David Rupkalvis

David Rupkalvis

The world as we know it has changed, and cities, states and countries are taking unprecedented steps to protect those around us.

As I write this, businesses are closing, parents are teaching at home, tens of thousands of Texans, including many of our friends and neighbors are wondering where their next paycheck will come from.

Worst of all, thousands and thousands of people are fighting an invisible virus that is killing by the day.

To combat COVID-19, we are taking steps no one could have imagined. Our economy is being shut down in an effort to combat the coronavirus and so many businesses we have grown to love and hanging in the balance.

In Del Rio, we are a little lucky compared to the rest of the world. A large portion of our population is employed in truly essential businesses — military, law enforcement, healthcare and government. Those jobs will survive, and their employees will be paid.

But many of the businesses that make Del Rio special are at risk. Mom-and-pop businesses, whether it is your favorite restaurant, a unique thrift store or your favorite mechanic will have a difficult time surviving with the economy basically shut down.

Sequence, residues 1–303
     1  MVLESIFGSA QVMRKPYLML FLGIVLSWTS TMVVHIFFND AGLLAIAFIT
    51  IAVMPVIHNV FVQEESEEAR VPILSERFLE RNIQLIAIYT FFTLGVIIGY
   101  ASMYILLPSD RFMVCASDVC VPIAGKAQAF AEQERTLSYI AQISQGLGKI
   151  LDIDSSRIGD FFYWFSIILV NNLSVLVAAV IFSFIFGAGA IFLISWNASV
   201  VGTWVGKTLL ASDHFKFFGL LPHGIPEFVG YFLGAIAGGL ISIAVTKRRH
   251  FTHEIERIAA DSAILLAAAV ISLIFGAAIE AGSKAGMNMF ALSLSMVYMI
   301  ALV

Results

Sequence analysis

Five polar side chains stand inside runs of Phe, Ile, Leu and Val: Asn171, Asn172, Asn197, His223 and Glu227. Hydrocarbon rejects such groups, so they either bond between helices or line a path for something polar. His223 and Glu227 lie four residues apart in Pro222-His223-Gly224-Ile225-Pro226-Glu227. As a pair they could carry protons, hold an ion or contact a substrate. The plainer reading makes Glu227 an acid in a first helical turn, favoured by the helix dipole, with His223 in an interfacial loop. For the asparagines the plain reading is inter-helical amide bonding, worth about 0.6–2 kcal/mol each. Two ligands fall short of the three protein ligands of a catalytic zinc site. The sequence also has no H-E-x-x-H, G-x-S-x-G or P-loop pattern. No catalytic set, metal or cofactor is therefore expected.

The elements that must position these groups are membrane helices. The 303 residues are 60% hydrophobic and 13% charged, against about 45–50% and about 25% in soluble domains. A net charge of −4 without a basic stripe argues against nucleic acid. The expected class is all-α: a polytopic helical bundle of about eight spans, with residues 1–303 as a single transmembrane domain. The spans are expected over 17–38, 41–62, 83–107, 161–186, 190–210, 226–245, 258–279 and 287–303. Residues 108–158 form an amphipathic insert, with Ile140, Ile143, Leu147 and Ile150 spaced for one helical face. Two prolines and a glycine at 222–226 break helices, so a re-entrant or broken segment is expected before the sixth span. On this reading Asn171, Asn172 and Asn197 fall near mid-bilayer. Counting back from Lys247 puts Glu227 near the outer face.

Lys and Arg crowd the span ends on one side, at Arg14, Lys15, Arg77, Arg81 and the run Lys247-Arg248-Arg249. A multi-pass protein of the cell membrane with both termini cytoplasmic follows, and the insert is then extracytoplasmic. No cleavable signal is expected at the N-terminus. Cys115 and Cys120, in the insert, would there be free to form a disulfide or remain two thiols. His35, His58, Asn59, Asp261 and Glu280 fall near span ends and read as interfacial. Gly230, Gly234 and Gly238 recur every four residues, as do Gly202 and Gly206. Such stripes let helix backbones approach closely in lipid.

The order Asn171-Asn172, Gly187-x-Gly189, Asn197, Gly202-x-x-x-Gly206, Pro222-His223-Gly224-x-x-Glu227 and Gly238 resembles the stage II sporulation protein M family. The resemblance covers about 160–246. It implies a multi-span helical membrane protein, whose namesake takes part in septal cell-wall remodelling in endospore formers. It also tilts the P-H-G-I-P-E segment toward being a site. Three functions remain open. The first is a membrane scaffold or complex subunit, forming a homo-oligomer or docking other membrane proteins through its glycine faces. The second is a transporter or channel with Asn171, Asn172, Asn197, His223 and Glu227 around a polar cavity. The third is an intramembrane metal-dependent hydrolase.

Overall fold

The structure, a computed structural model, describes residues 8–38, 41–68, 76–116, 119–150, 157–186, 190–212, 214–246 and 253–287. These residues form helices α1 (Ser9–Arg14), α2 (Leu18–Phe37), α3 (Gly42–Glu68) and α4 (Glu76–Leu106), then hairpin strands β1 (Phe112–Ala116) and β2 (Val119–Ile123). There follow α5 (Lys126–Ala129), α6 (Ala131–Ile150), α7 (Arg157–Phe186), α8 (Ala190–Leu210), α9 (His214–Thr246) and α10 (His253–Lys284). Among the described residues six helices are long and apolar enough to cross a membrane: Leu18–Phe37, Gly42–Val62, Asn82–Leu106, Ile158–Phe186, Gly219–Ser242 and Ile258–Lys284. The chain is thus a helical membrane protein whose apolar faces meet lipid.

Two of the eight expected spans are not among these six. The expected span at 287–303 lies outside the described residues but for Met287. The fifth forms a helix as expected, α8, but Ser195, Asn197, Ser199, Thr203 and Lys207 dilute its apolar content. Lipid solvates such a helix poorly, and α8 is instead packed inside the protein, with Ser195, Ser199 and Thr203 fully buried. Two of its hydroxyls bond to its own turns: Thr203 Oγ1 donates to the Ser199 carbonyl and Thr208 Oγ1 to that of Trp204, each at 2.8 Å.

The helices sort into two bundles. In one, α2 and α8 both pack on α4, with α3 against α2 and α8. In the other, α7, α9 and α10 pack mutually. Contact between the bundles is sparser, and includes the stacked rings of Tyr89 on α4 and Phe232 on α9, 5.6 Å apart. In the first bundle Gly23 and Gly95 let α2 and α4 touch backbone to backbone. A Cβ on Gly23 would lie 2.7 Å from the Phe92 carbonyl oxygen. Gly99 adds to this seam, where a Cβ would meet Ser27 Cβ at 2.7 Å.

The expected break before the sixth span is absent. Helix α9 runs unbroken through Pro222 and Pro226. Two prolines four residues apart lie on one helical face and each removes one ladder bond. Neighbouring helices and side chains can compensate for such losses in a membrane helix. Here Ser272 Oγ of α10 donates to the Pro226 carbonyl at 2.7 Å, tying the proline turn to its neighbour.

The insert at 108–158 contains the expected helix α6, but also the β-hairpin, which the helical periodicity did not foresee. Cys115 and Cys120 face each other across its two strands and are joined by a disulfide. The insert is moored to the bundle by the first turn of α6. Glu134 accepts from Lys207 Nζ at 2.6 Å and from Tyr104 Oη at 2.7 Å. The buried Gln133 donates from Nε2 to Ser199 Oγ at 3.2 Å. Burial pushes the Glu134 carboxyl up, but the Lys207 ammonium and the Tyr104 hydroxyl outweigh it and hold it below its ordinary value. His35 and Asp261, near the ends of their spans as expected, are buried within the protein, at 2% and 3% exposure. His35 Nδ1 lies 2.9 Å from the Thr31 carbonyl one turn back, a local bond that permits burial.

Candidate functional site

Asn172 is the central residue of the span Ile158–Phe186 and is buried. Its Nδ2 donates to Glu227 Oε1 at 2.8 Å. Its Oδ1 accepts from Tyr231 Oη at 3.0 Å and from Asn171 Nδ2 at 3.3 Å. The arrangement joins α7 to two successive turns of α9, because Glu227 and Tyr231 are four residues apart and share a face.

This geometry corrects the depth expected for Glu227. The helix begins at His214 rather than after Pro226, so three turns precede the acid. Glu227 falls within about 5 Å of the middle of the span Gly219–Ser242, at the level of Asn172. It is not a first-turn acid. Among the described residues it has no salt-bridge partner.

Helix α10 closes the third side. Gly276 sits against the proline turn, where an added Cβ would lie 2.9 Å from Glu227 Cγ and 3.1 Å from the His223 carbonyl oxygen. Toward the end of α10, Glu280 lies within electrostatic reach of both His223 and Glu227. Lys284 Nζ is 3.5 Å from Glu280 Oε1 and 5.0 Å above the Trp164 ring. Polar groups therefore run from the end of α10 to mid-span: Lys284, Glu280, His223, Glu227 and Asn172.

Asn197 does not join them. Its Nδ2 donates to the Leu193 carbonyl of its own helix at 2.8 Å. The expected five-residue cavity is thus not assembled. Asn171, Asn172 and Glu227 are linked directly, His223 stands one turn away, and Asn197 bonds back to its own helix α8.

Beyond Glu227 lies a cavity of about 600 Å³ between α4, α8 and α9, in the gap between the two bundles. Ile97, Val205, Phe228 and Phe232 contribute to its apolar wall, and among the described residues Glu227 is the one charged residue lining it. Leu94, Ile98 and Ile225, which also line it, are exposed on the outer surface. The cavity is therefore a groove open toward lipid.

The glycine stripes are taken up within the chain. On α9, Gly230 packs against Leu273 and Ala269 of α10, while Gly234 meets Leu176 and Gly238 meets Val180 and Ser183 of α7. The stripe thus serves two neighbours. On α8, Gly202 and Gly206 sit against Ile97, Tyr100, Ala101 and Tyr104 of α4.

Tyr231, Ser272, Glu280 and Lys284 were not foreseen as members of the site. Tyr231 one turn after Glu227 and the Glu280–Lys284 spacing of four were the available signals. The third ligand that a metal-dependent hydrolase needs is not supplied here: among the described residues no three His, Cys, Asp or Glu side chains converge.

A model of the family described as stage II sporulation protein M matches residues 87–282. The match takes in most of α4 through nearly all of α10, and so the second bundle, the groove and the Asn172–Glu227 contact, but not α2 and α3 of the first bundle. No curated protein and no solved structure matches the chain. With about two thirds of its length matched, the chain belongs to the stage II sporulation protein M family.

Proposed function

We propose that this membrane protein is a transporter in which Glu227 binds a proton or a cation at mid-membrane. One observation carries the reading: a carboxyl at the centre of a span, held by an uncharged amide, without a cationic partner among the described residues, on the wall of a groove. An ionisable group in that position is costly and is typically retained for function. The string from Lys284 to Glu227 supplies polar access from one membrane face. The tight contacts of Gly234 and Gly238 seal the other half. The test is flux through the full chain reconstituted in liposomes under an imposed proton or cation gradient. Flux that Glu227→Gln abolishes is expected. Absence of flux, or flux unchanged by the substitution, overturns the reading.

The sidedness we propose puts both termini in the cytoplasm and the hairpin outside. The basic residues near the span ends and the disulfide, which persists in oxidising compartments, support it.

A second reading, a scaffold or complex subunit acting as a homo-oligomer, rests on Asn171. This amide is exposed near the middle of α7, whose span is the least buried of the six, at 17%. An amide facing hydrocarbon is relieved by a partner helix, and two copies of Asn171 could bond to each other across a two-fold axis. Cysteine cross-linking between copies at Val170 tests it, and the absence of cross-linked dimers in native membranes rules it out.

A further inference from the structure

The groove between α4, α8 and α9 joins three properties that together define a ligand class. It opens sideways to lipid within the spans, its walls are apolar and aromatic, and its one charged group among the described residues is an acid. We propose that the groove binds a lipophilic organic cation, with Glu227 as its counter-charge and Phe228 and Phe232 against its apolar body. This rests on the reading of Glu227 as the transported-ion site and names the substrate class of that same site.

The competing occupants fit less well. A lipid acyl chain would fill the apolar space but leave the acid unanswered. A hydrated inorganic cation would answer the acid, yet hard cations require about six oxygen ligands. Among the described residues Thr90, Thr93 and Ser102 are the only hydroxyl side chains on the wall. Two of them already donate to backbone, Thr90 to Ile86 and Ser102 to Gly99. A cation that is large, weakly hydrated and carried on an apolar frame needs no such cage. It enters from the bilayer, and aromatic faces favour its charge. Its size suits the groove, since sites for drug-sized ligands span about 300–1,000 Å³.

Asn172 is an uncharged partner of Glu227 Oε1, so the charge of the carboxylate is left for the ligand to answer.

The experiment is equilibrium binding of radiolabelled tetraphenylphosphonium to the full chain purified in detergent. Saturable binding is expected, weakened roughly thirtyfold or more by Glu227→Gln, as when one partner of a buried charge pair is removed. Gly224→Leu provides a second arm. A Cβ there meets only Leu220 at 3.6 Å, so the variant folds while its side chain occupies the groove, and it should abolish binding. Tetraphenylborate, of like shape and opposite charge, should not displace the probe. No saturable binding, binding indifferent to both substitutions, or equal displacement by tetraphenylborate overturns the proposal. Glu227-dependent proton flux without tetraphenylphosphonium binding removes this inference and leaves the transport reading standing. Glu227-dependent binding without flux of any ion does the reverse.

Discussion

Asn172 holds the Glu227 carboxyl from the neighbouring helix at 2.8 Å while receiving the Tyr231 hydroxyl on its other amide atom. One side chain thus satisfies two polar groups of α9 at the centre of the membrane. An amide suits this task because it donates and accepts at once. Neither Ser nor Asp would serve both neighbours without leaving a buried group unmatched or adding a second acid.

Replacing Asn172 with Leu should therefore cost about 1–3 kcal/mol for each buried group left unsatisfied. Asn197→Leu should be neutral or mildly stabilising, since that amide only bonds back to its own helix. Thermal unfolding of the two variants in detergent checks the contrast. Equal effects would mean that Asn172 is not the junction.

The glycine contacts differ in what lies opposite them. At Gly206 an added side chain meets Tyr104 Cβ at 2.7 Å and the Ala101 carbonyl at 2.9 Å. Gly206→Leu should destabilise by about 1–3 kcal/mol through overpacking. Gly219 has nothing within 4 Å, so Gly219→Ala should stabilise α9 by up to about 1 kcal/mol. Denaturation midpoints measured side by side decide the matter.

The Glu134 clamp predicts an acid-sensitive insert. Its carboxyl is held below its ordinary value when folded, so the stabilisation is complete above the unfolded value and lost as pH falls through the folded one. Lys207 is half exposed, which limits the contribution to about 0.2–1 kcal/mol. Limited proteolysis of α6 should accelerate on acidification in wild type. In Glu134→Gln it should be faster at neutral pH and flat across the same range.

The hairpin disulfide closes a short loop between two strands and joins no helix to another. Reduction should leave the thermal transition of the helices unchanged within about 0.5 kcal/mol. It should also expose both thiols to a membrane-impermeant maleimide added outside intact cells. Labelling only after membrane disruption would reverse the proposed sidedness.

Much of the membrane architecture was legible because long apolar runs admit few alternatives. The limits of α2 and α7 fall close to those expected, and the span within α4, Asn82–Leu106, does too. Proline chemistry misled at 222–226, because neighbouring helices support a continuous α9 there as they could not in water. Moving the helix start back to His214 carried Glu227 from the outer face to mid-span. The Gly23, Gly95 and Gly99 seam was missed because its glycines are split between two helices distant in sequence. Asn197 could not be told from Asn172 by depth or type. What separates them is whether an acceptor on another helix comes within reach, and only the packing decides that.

Many are doing everything they can to survive. But it won’t be easy. And to be honest, some of these businesses that have made Del Rio what it is may be gone. Not many businesses can afford to go without income coming in for long.

When history books tell the story of the coronavirus, the biggest impact may not be lives lost, but instead a world economy devastated by drastic steps taken to save lives.

At the News-Herald, we are also not immune to the drastic changes in our economy. While we understand at times like this delivering accurate, timely news to our community is of utmost importance, we are a business. We are lucky because our parent company — Southern Newspapers Inc., is in excellent financial shape. SNI is a family-owned company that has little to no debt and has invested wisely through the years. The owner also understands the vital importance of community news during trying times.

So, we will persist. One way or another, we will be here to inform you throughout this crisis. How it looks may change, but the Del Rio News-Herald will be here.

My hope is that during the coming days and weeks, the news we report on and the news we hear around the world will turn from fear and uncertainty to hope and enthusiasm. We will get through this. I just hope it’s sooner rather than later.

David Rupkalvis is the publisher of the Del Rio News-Herald.

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